I would be erecting some kind of physical feature that cannot be easily moved, right against that fence. E.g. a patio area, slabbed path, shed, etc. That provides a fixed datum by where any future movement of the fence can be challenged. This status quo doesn't appear to have changed since 2012 when you first sought advice, no Court is going to order that conservatory to be moved, and arguing over a couple of inches of garden through legal channels is likely to bankrupt you first....

I would accept what is there is now yours, and be putting some physical measures in place to protect that.
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Re: Cut and dry boundary; surely?

Postby arborlad » Mon Jan 25, 2016 11:47 am

arborlad wrote:You'll get better informed responses if everything is contained in one thread - I've asked for your other two threads to be merged with this one.



Admin?
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Re: creeping fence

Postby Gavski » Mon Jan 25, 2016 1:22 pm

How can they even declare that part of the fence to be theirs though, as they cannot get access to it without trespass?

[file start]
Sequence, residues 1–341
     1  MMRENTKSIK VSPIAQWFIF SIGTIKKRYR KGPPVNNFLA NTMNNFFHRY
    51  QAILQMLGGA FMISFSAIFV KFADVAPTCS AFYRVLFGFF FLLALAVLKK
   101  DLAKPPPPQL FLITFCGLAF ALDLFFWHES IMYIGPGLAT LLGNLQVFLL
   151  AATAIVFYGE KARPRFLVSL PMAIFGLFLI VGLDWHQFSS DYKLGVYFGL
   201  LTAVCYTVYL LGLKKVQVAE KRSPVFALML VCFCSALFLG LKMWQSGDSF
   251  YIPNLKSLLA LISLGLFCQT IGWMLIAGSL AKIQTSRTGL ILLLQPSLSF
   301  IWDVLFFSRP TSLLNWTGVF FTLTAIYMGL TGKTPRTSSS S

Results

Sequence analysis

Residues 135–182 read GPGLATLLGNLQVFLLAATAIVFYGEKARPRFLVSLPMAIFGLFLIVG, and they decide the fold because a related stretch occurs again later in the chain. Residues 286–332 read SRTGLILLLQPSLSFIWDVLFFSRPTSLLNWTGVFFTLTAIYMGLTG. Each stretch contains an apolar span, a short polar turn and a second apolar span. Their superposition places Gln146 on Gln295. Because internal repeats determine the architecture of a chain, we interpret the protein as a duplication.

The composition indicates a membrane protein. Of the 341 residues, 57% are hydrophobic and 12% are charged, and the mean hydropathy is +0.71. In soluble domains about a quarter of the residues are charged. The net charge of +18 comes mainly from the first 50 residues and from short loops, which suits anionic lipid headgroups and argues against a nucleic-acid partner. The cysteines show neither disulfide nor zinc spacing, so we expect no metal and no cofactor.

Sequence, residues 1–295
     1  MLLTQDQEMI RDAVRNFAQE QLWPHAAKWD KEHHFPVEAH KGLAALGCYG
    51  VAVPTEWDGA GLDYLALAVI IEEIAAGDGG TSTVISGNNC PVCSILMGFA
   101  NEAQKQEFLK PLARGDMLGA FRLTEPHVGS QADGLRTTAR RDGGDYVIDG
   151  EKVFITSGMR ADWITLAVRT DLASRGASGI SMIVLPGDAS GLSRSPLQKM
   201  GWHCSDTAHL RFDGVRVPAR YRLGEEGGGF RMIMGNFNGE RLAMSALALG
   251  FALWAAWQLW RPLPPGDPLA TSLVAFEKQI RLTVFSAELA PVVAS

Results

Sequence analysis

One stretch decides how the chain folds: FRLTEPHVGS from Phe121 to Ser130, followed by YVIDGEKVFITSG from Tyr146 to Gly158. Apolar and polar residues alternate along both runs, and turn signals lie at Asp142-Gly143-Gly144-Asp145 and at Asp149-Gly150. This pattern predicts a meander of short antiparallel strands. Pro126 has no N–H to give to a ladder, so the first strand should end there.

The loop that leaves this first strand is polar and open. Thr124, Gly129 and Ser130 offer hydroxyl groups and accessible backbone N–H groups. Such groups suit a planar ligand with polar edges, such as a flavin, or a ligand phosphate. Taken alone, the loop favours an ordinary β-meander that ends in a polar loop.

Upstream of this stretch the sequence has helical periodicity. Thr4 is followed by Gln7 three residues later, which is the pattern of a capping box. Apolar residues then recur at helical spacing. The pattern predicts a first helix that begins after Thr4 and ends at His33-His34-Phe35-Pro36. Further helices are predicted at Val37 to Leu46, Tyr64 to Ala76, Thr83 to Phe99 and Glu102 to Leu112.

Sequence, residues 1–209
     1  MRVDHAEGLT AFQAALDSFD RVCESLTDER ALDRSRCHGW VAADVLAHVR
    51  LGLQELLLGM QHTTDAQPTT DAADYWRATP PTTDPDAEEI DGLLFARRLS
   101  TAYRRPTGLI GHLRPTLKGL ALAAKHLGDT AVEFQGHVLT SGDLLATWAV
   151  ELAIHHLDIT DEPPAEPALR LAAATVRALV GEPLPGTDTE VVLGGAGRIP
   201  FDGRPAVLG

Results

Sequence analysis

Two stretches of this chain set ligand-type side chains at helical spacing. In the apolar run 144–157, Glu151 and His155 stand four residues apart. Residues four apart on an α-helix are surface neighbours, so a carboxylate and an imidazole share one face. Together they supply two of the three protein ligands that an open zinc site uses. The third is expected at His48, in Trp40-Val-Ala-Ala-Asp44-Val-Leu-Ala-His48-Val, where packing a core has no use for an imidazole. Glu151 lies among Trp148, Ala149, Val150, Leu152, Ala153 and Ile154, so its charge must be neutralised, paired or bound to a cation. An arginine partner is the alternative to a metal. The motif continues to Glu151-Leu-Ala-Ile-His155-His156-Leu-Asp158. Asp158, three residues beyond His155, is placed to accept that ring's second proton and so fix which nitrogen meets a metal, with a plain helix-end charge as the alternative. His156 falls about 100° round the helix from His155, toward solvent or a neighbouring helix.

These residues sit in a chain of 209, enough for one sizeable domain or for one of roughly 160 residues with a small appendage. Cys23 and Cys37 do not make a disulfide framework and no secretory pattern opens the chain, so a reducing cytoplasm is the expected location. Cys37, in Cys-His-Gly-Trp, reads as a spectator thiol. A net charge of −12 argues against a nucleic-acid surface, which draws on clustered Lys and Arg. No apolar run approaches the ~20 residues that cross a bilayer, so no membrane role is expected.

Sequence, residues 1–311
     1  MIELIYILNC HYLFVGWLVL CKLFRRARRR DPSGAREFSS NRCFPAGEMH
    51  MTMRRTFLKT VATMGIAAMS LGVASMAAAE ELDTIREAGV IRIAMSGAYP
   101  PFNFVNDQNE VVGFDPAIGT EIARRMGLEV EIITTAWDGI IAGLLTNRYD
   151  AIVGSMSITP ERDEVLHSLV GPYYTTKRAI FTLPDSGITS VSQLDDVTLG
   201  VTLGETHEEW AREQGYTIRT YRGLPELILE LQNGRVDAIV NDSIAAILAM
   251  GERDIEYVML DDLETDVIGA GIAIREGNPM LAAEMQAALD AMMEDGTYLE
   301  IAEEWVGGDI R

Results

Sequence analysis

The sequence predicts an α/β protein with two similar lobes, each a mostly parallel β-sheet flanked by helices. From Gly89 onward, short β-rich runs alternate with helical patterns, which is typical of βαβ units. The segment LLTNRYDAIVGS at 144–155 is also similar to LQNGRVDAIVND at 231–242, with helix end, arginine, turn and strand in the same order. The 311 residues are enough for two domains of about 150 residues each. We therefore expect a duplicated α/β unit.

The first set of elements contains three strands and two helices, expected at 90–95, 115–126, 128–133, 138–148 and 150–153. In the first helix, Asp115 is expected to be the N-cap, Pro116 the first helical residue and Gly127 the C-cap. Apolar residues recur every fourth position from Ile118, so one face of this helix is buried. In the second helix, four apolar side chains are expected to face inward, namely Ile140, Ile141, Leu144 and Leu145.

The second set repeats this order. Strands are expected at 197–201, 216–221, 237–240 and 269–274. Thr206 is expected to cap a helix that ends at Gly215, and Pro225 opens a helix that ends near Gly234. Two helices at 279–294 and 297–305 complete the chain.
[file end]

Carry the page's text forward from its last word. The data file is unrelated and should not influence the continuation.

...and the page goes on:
What's to stop me removing the fence and putting a brick wall up there?
I also think there is privacy issues with the windows ovwrlooking my patio, which they insist on opening?
And what happens when I want to build my own extension? there will be a thin strip of land with a fence in that no one can get access too?
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Re: Cut and dry boundary; surely?

Postby arborlad » Mon Jan 25, 2016 1:41 pm

It makes sense to me to have everything concerning one problem contained in one thread, to that end, if you have something to contribute to either of these two threads: viewtopic.php?f=6&t=19228

viewtopic.php?f=6&t=20195

.............add it here.

Moderation of any sort doesn't seem to be happening so self-moderation might be the answer.